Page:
Those of us who understand that hastening death corrupts medicine and abandons the vulnerable have no choice but to continue resisting the toxic tide for as long as we can, understanding that caring rather than killing is the way to show true compassion to all suicidal people.
The West is tearing itself apart. The symptoms are evident in our bitterly divided politics and the attempts to punish those with heterodox views. But they are particularly evident in the ongoing collapse of the sanctity of human life ethic, which holds that each of our lives are immeasurably precious regardless of our personal circumstances.
Alas, the sanctity of life ethic has been abandoned in whole or in part throughout the West. Instead, many now adhere to the “quality of life” ethic, which holds that the value of one’s life is relative to one’s abilities, capacities, and state of health.
Unlike the sanctity of life ethic, the quality of life ethic does not abhor the taking of innocent human life. Rather, it perceives killing as an acceptable means of ameliorating human suffering, particularly if the afflicted person wants to die.
These attitudes have led to radical legal changes throughout the West. Alas, the culture of death is on a roll. Just this year, several countries legalized euthanasia, expanded existing euthanasia laws, or prepared to open that lethal door in the near future.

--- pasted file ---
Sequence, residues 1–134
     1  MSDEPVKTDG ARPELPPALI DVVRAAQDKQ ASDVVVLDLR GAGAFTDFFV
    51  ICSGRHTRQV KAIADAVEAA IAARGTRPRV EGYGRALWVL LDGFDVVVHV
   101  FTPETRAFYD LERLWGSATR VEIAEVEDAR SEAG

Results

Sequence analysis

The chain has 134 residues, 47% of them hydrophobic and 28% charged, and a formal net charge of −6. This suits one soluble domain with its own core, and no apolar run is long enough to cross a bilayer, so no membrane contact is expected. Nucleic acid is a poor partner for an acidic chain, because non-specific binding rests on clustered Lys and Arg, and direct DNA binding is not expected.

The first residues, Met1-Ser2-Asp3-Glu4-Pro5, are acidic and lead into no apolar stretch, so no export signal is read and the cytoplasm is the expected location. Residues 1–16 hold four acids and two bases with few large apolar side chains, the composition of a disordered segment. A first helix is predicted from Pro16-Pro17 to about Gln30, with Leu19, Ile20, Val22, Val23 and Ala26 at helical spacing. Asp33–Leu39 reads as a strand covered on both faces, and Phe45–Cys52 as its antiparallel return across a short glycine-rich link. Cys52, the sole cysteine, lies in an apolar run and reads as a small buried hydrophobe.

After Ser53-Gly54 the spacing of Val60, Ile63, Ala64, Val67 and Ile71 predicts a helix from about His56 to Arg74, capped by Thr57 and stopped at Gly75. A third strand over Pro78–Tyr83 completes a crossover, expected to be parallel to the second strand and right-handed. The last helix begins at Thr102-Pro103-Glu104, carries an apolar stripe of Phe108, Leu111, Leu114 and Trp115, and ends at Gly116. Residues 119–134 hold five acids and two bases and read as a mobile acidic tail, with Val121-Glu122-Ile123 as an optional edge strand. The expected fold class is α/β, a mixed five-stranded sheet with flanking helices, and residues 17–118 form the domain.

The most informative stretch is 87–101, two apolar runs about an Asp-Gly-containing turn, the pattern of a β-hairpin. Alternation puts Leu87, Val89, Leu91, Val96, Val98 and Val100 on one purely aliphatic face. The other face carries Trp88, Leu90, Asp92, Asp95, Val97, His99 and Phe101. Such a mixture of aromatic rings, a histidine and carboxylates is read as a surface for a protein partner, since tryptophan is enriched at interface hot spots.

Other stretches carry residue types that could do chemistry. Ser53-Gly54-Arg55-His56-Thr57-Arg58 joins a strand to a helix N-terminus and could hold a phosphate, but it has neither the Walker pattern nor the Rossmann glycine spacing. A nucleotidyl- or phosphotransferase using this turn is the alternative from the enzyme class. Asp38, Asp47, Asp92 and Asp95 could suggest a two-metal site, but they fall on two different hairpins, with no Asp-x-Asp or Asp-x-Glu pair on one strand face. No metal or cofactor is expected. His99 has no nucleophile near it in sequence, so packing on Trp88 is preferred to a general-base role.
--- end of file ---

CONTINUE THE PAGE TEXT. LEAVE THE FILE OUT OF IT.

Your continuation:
- Germany: Last February, Germany’s highest court conjured from the country’s constitution a positive right to commit suicide—at any time and for any reason—and created an ancillary right for anyone who is willing to assist. “The individual’s decision to end their own life, based on how they personally define quality of life and a meaningful existence,” the court ruled, “eludes any evaluation on the basis of general values, religious dogmas, societal norms for dealing with life and death, or consideration of objective rationality.”
- Austria: An Austrian court issued a similar decision in December, ruling that committing suicide is a right of “self-determination,” and that said right includes receiving help from another person. As of this writing, it is unclear whether the government will appeal.
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